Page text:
For those who have played Mario Party, you’ll know that most games are a free-for-all every man for himself scenario, where players will do anything and everything possible to ruin the other players’ chances of winning while ruthlessly climbing to the top themselves. In other words, if you want to have peace with your fellow players, you don’t play Mario Party. Exploding Kittens is aggressive in the same satisfying way. As the draw deck slims down, it’s fun when you draw that next card, and the zealous eyes of each player are locked onto yours, coupled with twisted grins as they know that your card will be a kitten. It’s great, then, when you draw the card and it’s not a kitten, and you see the next player’s smug expression suddenly melt down into agony, and now you’re the smug one.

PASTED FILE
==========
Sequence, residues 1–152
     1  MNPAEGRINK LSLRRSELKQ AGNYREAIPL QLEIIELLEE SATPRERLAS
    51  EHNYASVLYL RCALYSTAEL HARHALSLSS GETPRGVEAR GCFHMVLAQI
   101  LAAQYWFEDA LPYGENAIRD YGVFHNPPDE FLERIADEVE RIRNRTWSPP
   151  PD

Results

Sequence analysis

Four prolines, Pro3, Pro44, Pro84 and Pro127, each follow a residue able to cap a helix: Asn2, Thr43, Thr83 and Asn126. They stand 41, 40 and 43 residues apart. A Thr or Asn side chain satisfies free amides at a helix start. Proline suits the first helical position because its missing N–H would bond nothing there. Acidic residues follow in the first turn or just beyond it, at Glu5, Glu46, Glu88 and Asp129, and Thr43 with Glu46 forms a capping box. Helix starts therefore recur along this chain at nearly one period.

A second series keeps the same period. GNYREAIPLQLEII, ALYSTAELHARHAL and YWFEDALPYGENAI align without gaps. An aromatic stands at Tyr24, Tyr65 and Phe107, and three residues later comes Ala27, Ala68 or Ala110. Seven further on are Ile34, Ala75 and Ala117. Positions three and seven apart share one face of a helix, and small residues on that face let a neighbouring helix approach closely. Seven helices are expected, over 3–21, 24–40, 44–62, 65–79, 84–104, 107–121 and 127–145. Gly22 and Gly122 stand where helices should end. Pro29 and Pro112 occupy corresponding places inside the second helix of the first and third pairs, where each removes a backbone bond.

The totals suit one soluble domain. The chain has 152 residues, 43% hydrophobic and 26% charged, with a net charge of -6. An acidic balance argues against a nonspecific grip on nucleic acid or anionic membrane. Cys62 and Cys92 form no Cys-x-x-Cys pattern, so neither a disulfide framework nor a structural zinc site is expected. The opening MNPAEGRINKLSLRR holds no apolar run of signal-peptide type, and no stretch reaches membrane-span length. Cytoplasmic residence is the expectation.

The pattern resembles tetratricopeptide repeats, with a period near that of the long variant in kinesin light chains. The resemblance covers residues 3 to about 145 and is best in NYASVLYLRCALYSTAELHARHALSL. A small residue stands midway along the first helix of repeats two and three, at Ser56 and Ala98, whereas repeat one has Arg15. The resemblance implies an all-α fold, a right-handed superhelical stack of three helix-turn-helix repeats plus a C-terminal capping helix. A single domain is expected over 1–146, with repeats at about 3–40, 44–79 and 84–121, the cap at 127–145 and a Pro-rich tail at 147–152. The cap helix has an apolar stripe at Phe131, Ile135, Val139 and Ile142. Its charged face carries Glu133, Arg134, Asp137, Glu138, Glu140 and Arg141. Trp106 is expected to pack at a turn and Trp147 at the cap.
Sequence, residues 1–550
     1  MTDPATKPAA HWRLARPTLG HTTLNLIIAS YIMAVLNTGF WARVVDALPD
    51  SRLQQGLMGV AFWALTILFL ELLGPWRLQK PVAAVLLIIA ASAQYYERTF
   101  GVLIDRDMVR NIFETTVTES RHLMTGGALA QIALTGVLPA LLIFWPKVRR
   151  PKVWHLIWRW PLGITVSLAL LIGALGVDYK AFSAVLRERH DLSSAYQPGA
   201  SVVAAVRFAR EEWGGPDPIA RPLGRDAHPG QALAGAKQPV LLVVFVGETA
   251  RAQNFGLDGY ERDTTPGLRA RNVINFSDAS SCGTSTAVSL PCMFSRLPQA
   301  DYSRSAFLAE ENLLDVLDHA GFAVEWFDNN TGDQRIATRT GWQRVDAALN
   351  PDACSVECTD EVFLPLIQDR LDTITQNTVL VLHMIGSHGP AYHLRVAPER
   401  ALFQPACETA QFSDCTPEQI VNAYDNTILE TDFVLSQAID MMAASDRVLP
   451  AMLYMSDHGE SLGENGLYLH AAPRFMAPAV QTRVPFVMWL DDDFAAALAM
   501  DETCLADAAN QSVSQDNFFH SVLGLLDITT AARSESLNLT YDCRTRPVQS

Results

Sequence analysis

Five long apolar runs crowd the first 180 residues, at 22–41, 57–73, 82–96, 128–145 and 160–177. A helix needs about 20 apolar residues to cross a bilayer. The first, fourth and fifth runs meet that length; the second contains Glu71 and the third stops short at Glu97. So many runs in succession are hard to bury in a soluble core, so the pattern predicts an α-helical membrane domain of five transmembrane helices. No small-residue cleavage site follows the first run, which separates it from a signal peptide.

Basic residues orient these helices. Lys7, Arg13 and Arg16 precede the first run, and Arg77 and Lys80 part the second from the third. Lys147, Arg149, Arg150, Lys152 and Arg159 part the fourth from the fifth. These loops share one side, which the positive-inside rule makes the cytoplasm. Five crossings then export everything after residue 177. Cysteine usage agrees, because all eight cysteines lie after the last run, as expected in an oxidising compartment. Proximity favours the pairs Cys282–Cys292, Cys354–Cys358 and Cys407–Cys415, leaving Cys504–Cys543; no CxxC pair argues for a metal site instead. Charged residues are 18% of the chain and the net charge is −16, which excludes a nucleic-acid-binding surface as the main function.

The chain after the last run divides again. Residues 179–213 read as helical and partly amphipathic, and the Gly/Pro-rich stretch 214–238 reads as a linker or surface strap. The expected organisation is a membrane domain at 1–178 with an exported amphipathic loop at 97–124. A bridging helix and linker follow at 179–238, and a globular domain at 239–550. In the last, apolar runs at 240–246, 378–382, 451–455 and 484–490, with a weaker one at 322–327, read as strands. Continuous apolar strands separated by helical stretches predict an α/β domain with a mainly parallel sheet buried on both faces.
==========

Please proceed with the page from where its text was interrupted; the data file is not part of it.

Exploding Kittens is very much a “take that!” game. There are tons of “take that!” moments, and these, as everything else in the game, are increasingly more exciting the farther you are into the game. Kittens isn’t a passive game; interesting things happen almost every turn, and the play that you think you’re going to get away with most likely won’t come into fruition. You might be attacked, stolen from, and manipulated into drawing the next kitten all within a few turns, in which case you have to react by attacking, stealing, and shuffling the deck yourself.